The first planks to be fitted to the boat are the garboard planks, the ones at the very bottom. They are also the planks that have the most curvature in outline and in the way they lay upon the boat. They are nearly vertical at the stems and splay out to about 30 degrees in the middle of the boat.
Finding their shape can be an adventure. The principle methods are two: (1) Use the shape documented in the drawings (if available), or (2) find the shape from the boat itself. The designer provided plank shapes in the drawings. Not all designers do this, but these look to be quite useful. One would imagine that using the shape from the drawings would be OK. Yet, success with that method depends on the framework being constructed as precisely as the drawings. That’s not always the case, and while my measurements appear to be right on, I don’t know how much tolerance is built into the drawings. Taking the shape from the boat itself is called “spiling” and is an art form of its own. Â Spiling is two parts black magic and one part semi-Euclidiean geometry. The particular variant I used is the one that Greg RÃ¶ssel uses.
Being of the belt AND suspenders persuasion, I used both methods. It turns out that my spiled shape fits within the shape defined on the drawings. Erring on the side of cutting the plank too large, I ended up using the shape from the drawings and sawed to that shape. Sawing was easy with the bow saw. There is a “lesson learned” with the first cut. I was focusing on staying near the line and didn’t appreciate the fact that the waste piece was hanging free going “whipity whipity” as I sawed. As the cut got longer the waste piece increased it whipity whipity whipity until it went “whipity whipity CRACK.”Â Oooops!Â Hey dummy, support the material and don’t let anything whip around. Fortunately, the splitting was on the waste side of the line, not into the plank.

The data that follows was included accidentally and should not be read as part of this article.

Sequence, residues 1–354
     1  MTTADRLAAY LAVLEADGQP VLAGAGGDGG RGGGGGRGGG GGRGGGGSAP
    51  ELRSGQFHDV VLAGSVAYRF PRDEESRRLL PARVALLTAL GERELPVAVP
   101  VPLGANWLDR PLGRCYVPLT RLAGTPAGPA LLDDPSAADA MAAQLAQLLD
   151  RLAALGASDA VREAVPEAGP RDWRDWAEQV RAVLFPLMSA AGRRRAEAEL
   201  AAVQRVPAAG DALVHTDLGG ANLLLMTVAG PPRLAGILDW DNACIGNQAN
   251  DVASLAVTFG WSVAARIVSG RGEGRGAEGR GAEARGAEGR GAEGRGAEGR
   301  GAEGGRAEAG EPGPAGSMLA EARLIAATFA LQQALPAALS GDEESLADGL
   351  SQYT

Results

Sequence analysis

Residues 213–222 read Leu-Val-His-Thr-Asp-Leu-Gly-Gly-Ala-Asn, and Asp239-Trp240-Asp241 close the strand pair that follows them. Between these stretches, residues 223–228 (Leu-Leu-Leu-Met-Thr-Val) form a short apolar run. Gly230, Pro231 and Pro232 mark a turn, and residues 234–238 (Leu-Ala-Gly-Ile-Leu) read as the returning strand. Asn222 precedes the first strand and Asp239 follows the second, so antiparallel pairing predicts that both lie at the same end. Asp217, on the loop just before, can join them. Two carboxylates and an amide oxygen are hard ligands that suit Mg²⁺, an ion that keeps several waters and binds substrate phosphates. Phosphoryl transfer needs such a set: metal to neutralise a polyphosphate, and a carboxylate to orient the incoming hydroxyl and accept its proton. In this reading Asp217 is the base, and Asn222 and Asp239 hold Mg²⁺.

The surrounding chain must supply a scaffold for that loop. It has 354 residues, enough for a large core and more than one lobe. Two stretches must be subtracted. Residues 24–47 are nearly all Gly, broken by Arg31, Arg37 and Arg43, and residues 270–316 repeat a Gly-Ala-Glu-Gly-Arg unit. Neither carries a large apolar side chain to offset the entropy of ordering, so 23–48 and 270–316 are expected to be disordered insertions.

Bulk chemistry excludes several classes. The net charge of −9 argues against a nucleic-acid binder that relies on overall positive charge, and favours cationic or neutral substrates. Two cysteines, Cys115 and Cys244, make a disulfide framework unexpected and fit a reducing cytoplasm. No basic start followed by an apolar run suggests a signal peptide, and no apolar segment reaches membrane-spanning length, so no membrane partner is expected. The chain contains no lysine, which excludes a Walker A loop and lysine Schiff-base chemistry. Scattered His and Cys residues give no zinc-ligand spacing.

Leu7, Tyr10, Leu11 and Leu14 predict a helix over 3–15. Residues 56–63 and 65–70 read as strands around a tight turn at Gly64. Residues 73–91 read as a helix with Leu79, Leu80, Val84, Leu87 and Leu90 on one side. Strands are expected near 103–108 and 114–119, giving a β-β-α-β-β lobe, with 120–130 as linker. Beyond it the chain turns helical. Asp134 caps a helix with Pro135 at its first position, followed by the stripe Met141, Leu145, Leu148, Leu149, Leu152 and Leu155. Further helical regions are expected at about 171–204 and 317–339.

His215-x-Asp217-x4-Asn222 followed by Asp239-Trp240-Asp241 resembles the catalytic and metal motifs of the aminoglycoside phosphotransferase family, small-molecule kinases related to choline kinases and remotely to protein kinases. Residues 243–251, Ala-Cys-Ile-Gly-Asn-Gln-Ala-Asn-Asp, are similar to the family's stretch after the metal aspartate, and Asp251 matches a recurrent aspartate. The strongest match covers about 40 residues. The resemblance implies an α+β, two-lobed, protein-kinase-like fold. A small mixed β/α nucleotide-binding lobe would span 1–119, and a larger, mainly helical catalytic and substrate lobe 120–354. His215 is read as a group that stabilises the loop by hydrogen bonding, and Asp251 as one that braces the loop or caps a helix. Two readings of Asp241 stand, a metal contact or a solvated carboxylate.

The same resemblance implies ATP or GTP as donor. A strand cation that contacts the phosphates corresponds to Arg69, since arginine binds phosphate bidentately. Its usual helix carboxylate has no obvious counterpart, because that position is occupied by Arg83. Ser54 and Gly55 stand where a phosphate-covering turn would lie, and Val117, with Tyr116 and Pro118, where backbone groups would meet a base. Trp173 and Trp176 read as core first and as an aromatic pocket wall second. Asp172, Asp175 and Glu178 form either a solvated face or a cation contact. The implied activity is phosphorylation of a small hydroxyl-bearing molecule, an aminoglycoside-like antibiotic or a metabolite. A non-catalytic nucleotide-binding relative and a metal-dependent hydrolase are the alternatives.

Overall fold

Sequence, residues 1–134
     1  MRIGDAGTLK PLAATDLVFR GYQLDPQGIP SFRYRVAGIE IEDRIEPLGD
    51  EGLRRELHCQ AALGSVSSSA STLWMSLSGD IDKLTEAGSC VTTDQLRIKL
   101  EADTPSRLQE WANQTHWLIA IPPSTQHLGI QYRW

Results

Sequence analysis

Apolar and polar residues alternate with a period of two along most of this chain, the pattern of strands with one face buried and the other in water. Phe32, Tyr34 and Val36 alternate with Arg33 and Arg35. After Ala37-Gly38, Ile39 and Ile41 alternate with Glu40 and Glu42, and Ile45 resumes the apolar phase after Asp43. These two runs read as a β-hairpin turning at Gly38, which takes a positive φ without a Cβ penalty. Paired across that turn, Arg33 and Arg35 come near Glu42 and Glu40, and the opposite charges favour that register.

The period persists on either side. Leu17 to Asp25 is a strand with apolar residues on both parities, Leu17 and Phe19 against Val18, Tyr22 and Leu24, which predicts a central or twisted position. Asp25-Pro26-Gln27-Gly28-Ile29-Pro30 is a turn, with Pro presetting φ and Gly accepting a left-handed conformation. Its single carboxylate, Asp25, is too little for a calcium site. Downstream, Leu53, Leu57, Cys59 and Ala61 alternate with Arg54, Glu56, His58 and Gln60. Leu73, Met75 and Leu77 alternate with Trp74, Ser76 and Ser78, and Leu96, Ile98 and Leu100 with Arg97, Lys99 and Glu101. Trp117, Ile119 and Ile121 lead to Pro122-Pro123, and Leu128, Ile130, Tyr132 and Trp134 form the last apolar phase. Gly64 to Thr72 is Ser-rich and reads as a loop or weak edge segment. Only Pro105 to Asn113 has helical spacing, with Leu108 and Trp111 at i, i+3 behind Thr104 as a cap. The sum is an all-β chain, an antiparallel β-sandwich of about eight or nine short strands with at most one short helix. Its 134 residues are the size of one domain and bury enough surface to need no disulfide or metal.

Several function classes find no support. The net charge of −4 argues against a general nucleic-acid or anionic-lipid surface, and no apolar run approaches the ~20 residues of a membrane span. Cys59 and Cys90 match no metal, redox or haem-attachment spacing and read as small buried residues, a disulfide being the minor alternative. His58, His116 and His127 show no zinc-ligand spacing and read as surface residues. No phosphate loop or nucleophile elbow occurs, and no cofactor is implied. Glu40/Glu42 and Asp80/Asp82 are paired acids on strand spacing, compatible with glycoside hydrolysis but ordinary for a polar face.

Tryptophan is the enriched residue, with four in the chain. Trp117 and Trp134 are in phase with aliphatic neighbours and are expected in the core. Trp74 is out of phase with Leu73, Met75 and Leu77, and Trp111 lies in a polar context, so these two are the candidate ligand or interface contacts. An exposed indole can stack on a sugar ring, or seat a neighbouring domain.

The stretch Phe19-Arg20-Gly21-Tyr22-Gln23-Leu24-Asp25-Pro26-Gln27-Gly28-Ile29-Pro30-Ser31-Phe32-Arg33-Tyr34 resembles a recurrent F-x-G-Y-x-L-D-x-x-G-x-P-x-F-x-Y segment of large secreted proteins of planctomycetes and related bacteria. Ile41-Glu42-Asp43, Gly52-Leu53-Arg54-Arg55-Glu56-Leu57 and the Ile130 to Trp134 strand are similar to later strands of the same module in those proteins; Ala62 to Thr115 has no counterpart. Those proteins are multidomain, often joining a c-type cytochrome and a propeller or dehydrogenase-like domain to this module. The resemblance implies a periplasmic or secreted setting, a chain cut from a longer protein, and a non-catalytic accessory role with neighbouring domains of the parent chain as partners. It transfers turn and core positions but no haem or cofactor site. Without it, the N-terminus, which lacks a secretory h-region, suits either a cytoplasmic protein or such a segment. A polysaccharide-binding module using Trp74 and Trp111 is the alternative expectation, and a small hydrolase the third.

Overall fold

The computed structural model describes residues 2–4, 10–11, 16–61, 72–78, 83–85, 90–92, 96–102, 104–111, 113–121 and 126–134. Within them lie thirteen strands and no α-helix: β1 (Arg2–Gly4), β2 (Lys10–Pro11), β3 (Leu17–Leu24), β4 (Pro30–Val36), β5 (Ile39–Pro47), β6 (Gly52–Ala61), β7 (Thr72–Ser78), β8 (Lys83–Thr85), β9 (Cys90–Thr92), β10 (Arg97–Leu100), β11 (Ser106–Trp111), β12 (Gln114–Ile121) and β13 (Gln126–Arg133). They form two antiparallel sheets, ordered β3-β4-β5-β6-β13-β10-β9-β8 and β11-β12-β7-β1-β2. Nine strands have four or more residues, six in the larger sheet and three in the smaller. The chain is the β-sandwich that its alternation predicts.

Then it came to test fitting, trimming, and repeating until the plank fit the boat well. All of the attention was for the edge of the plank that will meet the next plank up. There’s little need to fuss with the part that extends beyond the bottom, as it will be simply planed off when the time comes. Test fitting is challenging because of the extreme bends in this plank. The dry boards cannot be completely bent into place. They will need steaming to be bent to final placement. So, test fitting is “best estimate” at this stage. Set three clamps and then gingerly “muscle” the ends toward the stems. Caution is advised since this species of cedar is known to be somewhat brittle.
Getting the planks attached to the boat is the next adventure. That job needs screws, clinch nails, goop, big cauldrons of boiling water, towels, plastic bags, time suspension, and maybe a helper.